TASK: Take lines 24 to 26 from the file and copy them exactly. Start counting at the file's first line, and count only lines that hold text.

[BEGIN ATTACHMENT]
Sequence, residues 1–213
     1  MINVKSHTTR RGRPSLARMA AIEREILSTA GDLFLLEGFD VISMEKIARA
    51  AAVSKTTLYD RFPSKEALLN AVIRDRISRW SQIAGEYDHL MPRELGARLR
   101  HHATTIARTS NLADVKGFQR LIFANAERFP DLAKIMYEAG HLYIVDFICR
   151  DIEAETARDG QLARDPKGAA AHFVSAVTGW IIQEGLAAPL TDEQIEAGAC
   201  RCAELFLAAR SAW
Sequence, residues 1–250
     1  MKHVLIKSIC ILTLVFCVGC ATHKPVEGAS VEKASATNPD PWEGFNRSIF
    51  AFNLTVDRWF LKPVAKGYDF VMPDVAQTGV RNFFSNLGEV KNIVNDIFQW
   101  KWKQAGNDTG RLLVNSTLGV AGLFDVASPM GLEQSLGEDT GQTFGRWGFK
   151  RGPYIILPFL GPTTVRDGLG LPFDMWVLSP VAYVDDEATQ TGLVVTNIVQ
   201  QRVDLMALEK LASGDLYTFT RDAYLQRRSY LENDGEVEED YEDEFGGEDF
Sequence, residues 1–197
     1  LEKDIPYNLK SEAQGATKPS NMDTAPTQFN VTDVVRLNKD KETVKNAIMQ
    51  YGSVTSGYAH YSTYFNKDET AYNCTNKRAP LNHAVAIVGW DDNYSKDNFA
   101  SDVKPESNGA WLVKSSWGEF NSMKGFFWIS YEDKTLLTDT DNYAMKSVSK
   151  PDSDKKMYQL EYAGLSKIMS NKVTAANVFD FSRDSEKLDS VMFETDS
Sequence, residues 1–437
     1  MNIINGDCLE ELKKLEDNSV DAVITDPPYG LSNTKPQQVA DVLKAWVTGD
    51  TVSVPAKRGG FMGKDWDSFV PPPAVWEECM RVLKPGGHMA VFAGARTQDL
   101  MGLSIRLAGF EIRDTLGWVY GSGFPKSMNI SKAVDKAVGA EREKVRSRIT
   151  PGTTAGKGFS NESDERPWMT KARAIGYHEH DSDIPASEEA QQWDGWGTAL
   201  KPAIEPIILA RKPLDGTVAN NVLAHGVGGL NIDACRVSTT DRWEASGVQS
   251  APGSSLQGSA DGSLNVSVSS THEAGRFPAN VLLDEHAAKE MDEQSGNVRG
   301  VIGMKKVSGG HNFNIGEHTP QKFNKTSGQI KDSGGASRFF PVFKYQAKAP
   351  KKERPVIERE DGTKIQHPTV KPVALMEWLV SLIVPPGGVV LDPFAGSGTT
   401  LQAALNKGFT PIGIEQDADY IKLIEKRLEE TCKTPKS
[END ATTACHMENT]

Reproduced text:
   251  APGSSLQGSA DGSLNVSVSS THEAGRFPAN VLLDEHAAKE MDEQSGNVRG
   301  VIGMKKVSGG HNFNIGEHTP QKFNKTSGQI KDSGGASRFF PVFKYQAKAP
   351  KKERPVIERE DGTKIQHPTV KPVALMEWLV SLIVPPGGVV LDPFAGSGTT